FIG. 8 schematically illustrates another example polarization controller 100 compatible with certain embodiments described herein. The polarization controller 100 comprises at least a portion of a first hollow-core PBF 110 and at least a portion of a second hollow-core PBF 120 optically coupled to the portion of the first hollow-core PBF 110. The portion of the first hollow-core PBF 110 has a first longitudinal axis 112 and is twisted about the first longitudinal axis in a first direction. The portion of the second hollow-core PBF 120 has a second longitudinal axis 122 and is twisted about the second longitudinal axis 122 in a second direction.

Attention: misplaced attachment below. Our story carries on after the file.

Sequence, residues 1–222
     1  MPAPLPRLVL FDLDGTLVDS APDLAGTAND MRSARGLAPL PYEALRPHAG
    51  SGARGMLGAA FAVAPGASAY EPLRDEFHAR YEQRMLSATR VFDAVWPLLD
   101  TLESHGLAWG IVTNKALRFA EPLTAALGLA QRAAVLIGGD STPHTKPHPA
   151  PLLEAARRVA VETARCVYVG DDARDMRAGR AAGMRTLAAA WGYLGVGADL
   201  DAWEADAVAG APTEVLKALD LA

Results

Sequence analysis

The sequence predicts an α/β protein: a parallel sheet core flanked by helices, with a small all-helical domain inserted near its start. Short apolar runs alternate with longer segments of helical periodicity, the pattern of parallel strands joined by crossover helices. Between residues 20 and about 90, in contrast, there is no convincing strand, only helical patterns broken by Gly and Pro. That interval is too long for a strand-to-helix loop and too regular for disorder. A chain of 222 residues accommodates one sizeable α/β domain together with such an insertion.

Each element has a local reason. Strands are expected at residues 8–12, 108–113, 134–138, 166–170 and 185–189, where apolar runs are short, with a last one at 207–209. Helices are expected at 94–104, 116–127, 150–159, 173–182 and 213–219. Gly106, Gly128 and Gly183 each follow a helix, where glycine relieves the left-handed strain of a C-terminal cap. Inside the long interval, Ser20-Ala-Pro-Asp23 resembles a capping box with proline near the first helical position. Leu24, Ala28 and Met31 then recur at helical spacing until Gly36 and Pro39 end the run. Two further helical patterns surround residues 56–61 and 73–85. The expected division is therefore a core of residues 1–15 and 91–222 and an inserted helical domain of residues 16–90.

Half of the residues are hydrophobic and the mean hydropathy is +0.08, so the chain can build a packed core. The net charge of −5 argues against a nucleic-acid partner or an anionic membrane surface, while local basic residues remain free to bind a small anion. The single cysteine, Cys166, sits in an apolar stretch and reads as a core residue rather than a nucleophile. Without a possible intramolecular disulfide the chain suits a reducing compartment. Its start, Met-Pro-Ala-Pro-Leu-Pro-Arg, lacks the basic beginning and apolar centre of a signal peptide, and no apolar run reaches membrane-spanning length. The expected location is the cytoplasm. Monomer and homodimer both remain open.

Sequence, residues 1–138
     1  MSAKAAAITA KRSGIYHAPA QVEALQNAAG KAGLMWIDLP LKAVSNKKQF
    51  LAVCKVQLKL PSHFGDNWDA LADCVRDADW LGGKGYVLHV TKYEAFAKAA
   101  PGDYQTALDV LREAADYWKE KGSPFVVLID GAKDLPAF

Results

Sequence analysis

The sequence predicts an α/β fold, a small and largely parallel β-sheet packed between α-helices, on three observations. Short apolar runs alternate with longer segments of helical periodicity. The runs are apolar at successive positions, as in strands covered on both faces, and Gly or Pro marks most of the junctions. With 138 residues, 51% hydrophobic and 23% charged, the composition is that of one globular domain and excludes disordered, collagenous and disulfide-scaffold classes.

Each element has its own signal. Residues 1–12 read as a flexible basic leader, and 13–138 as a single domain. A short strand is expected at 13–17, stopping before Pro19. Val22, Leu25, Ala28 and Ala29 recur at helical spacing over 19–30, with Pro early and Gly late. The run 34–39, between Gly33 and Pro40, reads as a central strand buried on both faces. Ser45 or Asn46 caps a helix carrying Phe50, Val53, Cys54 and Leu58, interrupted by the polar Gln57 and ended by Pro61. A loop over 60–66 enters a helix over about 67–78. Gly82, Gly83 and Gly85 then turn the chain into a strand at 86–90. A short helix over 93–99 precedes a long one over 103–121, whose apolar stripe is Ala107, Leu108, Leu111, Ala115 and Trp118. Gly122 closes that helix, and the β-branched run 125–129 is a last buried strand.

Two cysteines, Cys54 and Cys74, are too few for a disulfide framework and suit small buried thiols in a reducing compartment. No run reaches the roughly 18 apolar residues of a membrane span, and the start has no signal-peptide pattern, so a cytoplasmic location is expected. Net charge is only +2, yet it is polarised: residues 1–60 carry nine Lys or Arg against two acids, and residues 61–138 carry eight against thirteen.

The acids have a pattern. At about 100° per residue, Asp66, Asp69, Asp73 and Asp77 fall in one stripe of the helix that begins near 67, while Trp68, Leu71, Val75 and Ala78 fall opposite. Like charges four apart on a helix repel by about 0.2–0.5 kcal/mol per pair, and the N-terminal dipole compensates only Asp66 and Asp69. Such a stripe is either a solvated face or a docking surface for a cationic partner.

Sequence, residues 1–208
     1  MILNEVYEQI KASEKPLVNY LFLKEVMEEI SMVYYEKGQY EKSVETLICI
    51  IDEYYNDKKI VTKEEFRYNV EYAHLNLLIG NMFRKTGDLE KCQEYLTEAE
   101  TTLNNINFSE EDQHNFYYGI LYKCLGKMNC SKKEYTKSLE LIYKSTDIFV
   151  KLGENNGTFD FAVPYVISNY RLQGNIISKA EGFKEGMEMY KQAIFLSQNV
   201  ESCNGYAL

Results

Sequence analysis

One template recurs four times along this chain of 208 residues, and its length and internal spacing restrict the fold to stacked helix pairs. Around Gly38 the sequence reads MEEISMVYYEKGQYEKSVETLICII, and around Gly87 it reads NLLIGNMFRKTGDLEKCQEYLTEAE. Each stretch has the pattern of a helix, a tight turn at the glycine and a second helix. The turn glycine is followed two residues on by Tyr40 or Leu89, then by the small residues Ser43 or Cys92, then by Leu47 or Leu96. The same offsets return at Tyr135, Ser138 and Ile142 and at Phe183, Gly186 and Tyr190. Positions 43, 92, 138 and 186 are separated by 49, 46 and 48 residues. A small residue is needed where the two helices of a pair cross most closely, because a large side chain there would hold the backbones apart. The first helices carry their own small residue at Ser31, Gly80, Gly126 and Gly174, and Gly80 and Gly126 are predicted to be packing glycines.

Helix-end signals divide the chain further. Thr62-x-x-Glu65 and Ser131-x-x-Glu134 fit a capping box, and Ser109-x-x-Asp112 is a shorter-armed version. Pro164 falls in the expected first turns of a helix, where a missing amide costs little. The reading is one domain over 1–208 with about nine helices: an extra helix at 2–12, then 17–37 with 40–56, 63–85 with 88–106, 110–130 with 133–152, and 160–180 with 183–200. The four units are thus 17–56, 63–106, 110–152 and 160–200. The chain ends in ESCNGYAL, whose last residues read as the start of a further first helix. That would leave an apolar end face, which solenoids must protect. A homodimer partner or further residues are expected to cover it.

In certain embodiments, the second longitudinal axis 122 is substantially parallel to the first longitudinal axis 112, while in certain other embodiments, the second longitudinal axis 122 is not substantially parallel to the first longitudinal axis 112. At least one of the twisted portion of the first hollow-core PBF 110 and the twisted portion of the second hollow-core PBF 120 can be curved or bent such that either or both of the longitudinal axes 112, 122 are not straight lines. In certain embodiments, the second direction is generally opposite to the first direction, as schematically illustrated by FIG. 8. The twisted portion of the first hollow-core PBF 110 in certain embodiments has a length approximately equal to a first beat length of the twisted portion of the first hollow-core PBF 110. The twisted portion of the second hollow-core PBF 120 in certain embodiments has a length approximately equal to a second beat length of the twisted portion of the second hollow-core PBF 120.